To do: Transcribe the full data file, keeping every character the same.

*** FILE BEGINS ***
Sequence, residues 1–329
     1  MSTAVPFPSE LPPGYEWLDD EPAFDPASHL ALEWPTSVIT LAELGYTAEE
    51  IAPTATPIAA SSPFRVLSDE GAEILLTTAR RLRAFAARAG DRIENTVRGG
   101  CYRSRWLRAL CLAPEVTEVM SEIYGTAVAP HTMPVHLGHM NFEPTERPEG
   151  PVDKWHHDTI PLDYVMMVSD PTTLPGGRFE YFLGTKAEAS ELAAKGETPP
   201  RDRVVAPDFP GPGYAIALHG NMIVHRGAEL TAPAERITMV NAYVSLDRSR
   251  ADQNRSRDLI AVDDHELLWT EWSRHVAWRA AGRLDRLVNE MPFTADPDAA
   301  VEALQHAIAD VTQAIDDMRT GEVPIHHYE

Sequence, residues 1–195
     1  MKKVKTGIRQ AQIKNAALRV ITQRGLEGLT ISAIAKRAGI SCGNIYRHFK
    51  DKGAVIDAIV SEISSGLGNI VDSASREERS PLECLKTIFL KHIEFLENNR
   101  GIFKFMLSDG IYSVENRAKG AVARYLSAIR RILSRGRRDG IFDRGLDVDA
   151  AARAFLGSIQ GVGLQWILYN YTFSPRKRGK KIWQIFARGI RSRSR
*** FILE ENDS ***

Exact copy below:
Sequence, residues 1–329
     1  MSTAVPFPSE LPPGYEWLDD EPAFDPASHL ALEWPTSVIT LAELGYTAEE
    51  IAPTATPIAA SSPFRVLSDE GAEILLTTAR RLRAFAARAG DRIENTVRGG
   101  CYRSRWLRAL CLAPEVTEVM SEIYGTAVAP HTMPVHLGHM NFEPTERPEG
   151  PVDKWHHDTI PLDYVMMVSD PTTLPGGRFE YFLGTKAEAS ELAAKGETPP
   201  RDRVVAPDFP GPGYAIALHG NMIVHRGAEL TAPAERITMV NAYVSLDRSR
   251  ADQNRSRDLI AVDDHELLWT EWSRHVAWRA AGRLDRLVNE MPFTADPDAA
   301  VEALQHAIAD VTQAIDDMRT GEVPIHHYE

Sequence, residues 1–195
     1  MKKVKTGIRQ AQIKNAALRV ITQRGLEGLT ISAIAKRAGI SCGNIYRHFK
    51  DKGAVIDAIV SEISSGLGNI VDSASREERS PLECLKTIFL KHIEFLENNR
   101  GIFKFMLSDG IYSVENRAKG AVARYLSAIR RILSRGRRDG IFDRGLDVDA
   151  AARAFLGSIQ GVGLQWILYN YTFSPRKRGK KIWQIFARGI RSRSR